This article previously appeared on News at Northeastern. It was written by Ian Thomsen.
Alan McKim’s environmental startup, Clean Harbors, was generating $50 million annually in its seventh year. But McKim was dissatisfied. He recognized that he wasn’t keeping up with the phenomenal growth of his company. And so, more than a decade after he dropped out of Northeastern, he re-enrolled to pursue the education that would help convert his entrepreneurial instincts into business acumen.
Along the way, he also developed a crucial relationship with Northeastern professor Dan McCarthy, who became his mentor, as well as a member of the Clean Harbors board.
“I didn’t know how to read a financial statement,” said McKim, who serves as founder and chief executive officer of Clean Harbors. “I desperately needed education because I knew this company was going to continue to grow, and it was outgrowing me.
“I wouldn’t be here if it wasn’t for Northeastern and Dan McCarthy, I can guarantee that.”
In recognition of his success, Northeastern graduate Alan S. McKim was honored as the recipient of the university’s Distinguished Entrepreneur Award on Tuesday night, as part of Northeastern’s celebration of Global Entrepreneurship Week. The award was launched in 2017 by President Joseph E. Aoun to recognize the university’s commitment to entrepreneurship.
The results of McKim’s ambition and commitment have been transformative for his company, for his alma mater, and for McKim himself. Clean Harbors is the leading provider of environmental, energy, and industrial services in North America, with anticipated 2019 revenues of $3.5 billion. McKim, vice chair of Northeastern’s Board of Trustees, has become a namesake of the D’Amore-McKim School of Business. He and fellow entrepreneur Rich D’Amore donated a record $60 million to Northeastern in 2012.
“Over the years, Alan has supported the university with his time, his treasure, his passion,” said Aoun, who was focused on exploring McKim’s story throughout the event at the Interdisciplinary Science and Engineering Complex auditorium. “What I realized early on, when I saw him talking to people, is that he was instrumental in inspiring other people to do the same.
“You are inspiring people because you are genuine. You are passionate.”
And, above all else, McKim is humble. His humility was the reaffirming theme of an event meant to celebrate him. Many times over the years, McKim admitted, he wondered whether he was preventing his company from growing. On three occasions, he brought in an outside president or chief executive officer to provide his company with professional management. From each outsider he absorbed lessons and perspective that helped him to lead Clean Harbors through its moments of crisis and to ascend yet again.
McKim has made a lucrative career of exceeding his own expectations and figuring it out along the way.
Clean Harbors began in 1980 as a four-man concern with $15,000 of capital that specialized in cleaning oil tanks. It has grown to serve 300,000 customers in more than 600 locations, including most of the Fortune 500 companies. Its key acquisitions include the 2012 purchase of Safety-Kleen, an expensive purchase which threatened to bankrupt Clean Harbors, according to McKim. It was such experiences that taught his management team how to manage the takeovers that have helped spur the growth of Clean Harbors.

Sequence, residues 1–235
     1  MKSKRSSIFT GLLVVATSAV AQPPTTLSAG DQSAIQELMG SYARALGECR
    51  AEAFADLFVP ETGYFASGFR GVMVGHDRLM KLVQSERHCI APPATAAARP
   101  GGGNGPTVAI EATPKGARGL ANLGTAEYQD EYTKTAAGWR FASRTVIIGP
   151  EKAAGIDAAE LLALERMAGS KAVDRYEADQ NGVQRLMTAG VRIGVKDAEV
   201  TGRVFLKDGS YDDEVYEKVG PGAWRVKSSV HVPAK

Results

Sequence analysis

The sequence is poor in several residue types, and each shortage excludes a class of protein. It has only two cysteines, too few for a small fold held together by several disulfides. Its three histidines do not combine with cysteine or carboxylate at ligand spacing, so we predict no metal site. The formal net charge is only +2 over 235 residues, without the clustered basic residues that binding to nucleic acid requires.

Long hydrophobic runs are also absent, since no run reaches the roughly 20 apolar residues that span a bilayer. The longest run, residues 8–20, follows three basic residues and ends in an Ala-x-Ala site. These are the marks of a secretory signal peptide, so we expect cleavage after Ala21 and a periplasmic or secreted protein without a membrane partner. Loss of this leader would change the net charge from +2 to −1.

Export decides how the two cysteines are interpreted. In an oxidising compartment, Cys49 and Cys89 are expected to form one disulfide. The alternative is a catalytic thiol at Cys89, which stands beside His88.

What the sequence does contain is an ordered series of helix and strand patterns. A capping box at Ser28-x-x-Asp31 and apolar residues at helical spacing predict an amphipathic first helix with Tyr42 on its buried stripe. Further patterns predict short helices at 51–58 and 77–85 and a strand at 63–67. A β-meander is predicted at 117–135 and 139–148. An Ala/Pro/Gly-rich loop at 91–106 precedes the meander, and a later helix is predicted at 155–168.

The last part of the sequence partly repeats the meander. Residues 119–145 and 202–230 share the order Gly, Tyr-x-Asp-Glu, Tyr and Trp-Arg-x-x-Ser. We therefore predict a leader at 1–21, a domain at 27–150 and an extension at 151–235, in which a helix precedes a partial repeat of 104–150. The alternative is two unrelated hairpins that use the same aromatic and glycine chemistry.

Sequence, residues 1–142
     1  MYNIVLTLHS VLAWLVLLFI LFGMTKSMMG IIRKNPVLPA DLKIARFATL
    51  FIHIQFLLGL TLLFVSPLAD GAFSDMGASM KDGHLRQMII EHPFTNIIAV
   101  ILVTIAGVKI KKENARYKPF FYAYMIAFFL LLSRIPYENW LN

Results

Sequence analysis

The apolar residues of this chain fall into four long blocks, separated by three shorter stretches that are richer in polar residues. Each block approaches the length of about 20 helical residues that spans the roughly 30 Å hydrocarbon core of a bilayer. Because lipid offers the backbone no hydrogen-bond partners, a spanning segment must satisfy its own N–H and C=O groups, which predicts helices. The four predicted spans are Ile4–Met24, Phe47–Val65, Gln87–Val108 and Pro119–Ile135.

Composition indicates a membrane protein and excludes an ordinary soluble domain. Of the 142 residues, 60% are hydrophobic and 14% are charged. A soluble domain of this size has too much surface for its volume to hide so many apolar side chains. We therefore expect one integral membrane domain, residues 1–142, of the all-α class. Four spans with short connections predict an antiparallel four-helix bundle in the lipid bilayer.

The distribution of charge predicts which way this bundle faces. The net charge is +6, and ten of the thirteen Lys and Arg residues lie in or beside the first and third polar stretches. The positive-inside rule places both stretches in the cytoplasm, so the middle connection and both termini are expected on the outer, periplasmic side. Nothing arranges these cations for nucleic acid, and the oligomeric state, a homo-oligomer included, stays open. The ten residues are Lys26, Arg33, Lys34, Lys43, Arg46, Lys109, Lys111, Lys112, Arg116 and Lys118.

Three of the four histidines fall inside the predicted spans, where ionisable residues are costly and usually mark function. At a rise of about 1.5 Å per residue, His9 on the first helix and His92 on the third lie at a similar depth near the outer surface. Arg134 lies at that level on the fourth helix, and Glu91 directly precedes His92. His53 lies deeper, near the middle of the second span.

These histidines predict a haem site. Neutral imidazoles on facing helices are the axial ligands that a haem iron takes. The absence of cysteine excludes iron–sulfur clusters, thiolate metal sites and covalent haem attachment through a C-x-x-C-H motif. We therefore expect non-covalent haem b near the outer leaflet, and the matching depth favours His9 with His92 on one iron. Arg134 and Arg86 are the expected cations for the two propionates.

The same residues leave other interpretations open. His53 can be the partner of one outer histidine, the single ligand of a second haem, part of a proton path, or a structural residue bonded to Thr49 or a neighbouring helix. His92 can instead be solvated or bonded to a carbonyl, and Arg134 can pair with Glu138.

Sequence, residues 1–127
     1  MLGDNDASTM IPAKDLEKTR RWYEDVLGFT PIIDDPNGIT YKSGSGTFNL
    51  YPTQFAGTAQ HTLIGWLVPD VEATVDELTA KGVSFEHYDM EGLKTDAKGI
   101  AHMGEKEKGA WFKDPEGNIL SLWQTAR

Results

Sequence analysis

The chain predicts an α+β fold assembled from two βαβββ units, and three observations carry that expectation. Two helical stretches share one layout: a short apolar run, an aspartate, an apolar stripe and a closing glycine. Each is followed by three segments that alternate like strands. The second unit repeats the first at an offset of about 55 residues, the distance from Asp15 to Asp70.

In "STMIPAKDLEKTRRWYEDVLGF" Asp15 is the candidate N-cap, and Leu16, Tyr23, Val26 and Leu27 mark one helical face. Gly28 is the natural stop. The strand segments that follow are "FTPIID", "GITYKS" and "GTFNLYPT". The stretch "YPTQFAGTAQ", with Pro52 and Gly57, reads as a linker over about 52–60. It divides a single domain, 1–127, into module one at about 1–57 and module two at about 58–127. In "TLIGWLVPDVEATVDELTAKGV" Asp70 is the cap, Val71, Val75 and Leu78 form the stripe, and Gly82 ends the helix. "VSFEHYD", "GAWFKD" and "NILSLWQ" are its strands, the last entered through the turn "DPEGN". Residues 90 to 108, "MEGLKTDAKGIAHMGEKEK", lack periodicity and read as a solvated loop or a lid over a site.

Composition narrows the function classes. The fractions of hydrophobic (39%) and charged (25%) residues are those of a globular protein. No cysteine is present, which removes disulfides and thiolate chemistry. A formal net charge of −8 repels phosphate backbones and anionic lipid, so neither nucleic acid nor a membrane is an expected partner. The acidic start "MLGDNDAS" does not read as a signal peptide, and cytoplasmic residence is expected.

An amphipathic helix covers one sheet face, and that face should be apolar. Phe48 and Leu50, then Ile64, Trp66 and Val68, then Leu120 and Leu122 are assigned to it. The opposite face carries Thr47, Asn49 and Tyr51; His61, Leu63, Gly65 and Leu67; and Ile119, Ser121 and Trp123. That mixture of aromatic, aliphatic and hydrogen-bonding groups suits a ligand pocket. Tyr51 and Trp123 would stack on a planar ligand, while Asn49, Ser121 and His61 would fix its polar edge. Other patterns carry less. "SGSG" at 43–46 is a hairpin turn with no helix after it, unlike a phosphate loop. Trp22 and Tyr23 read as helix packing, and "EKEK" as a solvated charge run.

“We built out a team whose sole goal every day was integrating companies,” McKim said of his company’s mergers and acquisitions. “We are really good at this.”
Clean Harbors is best known for responding to all kinds of environmental and man-made emergencies. After the Sept. 11 attacks, 300 Clean Harbor employees were at the World Trade Center site to decontaminate workers at the end of their shifts.
The quality of McKim’s employees and the relationships he has developed with so many of them have helped him maintain his passion for four decades. Clean Harbors responds to 6,000 emergencies annually in the U.S., Canada, and Mexico.
“Our workforce are really heroes,” he said. “When you think about 3,500 employees cleaning up the  oil spill in the Gulf [of Mexico], working 12 to 18 hours a day, they really develop that camaraderie of being part of the family. What we see is that people love being in this industry, they love the great work that they do cleaning up the environment.”
After graduating from high school in suburban Boston, McKim enrolled in Northeastern’s part-time criminal justice program—but dropped out after one semester. In need of money to support his young family, he went to work for Bob Dee, a small-business owner who specialized in cleaning up oil spills. McKim was a 24-year-old husband and father of two when he launched Clean Harbors, and his family remembers those late nights in the early years when he would come home covered in oil.
‘I wouldn’t be here if it wasn’t for Northeastern and [professor] Dan McCarthy, I can guarantee that,’ McKim said.
In 1986, while his young company was thriving, McKim was counseled by Northeastern professor John Griffith—the father of McKim’s best friend—to return to Northeastern. McKim was admitted to the Executive MBA program, which accepted his business leadership experience in lieu of a bachelor’s degree.
McKim took his company public—a source of some regret, he admitted—while transforming Clean Harbors into an industry leader in virtually all of their current endeavors, including the treatment and disposal of hazardous waste. Several of his senior managers have been with the company for three decades—all based on merit—even as he has pushed himself and his firm to take on the newest technologies.
“I’ve been a disruptor of my own business in many ways,” he said, smiling.
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